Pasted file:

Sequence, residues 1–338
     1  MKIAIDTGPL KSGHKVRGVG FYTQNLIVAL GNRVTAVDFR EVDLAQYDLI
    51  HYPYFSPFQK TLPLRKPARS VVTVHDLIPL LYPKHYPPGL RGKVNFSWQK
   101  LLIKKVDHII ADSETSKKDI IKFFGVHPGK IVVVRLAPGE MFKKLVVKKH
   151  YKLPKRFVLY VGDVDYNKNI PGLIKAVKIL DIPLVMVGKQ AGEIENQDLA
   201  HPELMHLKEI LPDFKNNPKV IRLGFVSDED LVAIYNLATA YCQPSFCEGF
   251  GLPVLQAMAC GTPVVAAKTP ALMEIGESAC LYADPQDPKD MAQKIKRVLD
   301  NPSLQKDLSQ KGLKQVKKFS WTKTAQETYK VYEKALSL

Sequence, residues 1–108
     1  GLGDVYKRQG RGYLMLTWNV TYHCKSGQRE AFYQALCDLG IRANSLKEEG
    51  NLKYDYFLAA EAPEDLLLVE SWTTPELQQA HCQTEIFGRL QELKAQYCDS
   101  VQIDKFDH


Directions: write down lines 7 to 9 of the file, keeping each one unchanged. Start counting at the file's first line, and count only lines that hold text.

   251  GLPVLQAMAC GTPVVAAKTP ALMEIGESAC LYADPQDPKD MAQKIKRVLD
   301  NPSLQKDLSQ KGLKQVKKFS WTKTAQETYK VYEKALSL

Sequence, residues 1–108